Family and friends of Jerome Gross of Waban and Aquinnah, Mass., are deeply saddened by his loss. A doctor, scientist and mentor to many in the field of collagen research, Jerry passed away on January 27, one month shy of his 97th birthday. Over 60-plus years on the faculty of Harvard and in labs at the Mass General Hospital, Jerry focused his energy, intelligence and creativity on fundamental puzzles of biology. Why do some wounds fail to harness the body’s power to heal? What mechanisms allow salamanders to regrow lost limbs? When not peering into microscopic structures of cells, Jerry gazed at the stars – a pastime that began on the roof of his Bronx apartment building at age 11 and lasted until his final summer under the night skies of Aquinnah.
Jerry’s flashes of insight, the intensity of his attention, the depth of his affections and the complex spectrum of his emotions will be sorely missed by his wife, Betty, his children and their families spanning four generations, his sister, Lois, and by friends in Newton, on Martha’s Vineyard, and in many countries around the world.
In Jerry's memory, and in lieu of flowers, please consider contributing to neurology research at the Mass General.
You can read the obituary in the Martha's Vineyard Gazette here.
A Brief Biography of Jerome Gross
Jerome Gross was born in New York City on February 25, 1917. He graduated in 1939 from the Massachusetts Institute of Technology. His scientific interests included astronomy as well as biology, but he chose a career in medicine and attended the New York University School of Medicine. After a year as an intern at Long Island College Hospital, he served two years in the Army Medical Corps.
Dr. Gross thought that clues to such diseases as rheumatic fever would be found in the molecular structure and biology of connective tissue. He returned to M.I.T. to join the laboratory of Professor Francis O. Schmitt, where he began research on structural macromolecules utilizing chemical and electron microscopical methods. Despite many important observations on hyaluronic acid and elastin, his longest scientific love affair was with collagen.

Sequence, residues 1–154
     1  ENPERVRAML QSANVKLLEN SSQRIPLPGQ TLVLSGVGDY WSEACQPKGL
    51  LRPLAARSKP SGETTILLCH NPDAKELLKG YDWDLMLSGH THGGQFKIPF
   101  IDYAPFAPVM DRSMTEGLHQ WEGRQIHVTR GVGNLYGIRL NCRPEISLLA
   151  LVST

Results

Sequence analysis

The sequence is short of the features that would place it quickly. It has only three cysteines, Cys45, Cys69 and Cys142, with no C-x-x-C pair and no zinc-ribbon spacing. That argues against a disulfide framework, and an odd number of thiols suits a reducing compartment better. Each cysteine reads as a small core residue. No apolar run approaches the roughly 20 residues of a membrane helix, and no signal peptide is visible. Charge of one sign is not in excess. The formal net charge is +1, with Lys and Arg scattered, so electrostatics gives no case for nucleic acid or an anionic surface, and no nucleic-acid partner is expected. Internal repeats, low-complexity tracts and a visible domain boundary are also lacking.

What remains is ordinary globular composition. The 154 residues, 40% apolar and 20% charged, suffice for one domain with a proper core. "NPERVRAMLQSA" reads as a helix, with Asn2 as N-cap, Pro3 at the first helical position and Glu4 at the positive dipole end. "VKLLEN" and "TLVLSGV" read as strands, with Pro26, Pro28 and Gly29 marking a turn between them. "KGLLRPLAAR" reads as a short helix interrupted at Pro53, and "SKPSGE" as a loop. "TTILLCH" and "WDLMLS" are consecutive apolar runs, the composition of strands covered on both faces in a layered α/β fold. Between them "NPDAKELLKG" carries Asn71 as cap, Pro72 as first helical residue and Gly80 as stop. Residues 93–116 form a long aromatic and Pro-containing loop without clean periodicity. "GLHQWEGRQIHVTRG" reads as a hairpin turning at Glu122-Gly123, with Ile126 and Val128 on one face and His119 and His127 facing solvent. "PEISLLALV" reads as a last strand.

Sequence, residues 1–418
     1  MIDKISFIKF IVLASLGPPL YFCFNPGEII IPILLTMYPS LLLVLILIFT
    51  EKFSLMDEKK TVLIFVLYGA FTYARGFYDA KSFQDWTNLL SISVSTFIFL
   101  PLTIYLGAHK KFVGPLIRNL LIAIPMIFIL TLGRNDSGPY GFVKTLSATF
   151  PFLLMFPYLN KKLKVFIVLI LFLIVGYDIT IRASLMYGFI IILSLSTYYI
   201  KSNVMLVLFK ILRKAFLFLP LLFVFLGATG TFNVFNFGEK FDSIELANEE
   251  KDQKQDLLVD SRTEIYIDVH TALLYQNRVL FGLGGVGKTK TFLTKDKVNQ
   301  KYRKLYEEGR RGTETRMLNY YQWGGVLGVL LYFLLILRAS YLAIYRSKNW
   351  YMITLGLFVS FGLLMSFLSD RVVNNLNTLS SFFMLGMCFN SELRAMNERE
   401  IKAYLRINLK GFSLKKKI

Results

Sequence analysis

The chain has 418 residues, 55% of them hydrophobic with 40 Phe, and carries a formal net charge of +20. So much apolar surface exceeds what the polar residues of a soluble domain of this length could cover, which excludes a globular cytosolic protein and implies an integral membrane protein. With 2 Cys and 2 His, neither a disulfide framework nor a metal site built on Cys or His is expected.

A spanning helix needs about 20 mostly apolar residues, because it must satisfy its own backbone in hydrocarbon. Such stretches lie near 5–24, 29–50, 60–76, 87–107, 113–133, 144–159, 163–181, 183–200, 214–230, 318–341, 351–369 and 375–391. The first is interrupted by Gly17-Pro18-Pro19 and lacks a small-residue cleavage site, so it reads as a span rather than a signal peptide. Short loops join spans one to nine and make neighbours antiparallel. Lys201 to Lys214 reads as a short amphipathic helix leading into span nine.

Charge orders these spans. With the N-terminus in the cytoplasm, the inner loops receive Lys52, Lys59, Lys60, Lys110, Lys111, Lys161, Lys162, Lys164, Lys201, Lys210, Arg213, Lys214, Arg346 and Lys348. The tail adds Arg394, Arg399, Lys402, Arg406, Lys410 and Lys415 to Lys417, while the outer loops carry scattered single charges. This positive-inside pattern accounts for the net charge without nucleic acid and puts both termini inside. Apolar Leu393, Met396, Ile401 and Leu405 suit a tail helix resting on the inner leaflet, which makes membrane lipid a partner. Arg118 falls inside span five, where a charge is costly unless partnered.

He was soon attracted to Harvard Medical School and the Massachusetts General Hospital by Dr. Walter Bauer, who thought that many of the secrets of rheumatoid arthritis and rheumatic fever could be uncovered by such studies as these. Dr. Gross' pioneering findings that collagen molecules could be extracted from tissues using solutions of neutral salt or dilute acid and reconstituted into various structures opened up the field of collagen research.
Dr. Gross found that these ubiquitous, insoluble, fibrous collagen networks had a readily visualized ultrastructural order and patterns that could be interpreted in terms of specific molecular packing. From studies
of skin collagens from growing animals, he developed a working hypothesis of how these collagen fibers could be formed in vivo.
Dr. Gross soon began to study collagen structure in animal models of human wound healing. In the late 1950s, he became interested in lathyrism and, with Dr. Charles Levene, made the critical observations that lathyrism resulted from abnormal aggregation and defective crosslinking of collagen molecules. Analysis of solubilized collagen from lathyritic tissues by chromatographic methods demonstrated, with collaborators Drs. Karl Piez and George Martin at the National Institute of Health, that collagen was composed of three polypeptide chains. These first experiments opened up the field of collagen biology.
In the early 1960s, Dr. Gross, with a Belgian postdoctoral fellow, Dr. Charles Lapiere, began his search for mechanisms whereby collagen fibers are degraded during tissue remodeling. He reasoned that collagenolytic enzymes, which previously had been identified only in bacteria, could be made only when and where they were needed. Drs. Gross and Lapiere, therefore, looked for collagenase in the medium from tissue implants in culture. Together, they found the enzyme and characterized its mechanism of action and its unique cleavage site.